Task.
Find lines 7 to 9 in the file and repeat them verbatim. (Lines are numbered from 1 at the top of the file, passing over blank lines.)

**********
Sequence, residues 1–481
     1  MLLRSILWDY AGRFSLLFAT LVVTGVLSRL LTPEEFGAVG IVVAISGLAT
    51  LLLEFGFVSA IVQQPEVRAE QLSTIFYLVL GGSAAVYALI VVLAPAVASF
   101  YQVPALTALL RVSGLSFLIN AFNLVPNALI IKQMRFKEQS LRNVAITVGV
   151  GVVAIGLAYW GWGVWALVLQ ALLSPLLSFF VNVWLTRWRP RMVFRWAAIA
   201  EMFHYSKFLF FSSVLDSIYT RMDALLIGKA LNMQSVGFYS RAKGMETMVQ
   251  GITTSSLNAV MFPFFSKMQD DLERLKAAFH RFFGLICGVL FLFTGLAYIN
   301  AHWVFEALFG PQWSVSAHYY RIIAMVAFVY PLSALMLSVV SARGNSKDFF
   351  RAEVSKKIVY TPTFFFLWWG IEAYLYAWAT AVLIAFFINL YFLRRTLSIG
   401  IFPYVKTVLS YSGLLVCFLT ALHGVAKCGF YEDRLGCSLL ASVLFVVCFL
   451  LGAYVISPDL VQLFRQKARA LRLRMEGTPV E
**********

   251  GITTSSLNAV MFPFFSKMQD DLERLKAAFH RFFGLICGVL FLFTGLAYIN
   301  AHWVFEALFG PQWSVSAHYY RIIAMVAFVY PLSALMLSVV SARGNSKDFF
   351  RAEVSKKIVY TPTFFFLWWG IEAYLYAWAT AVLIAFFINL YFLRRTLSIG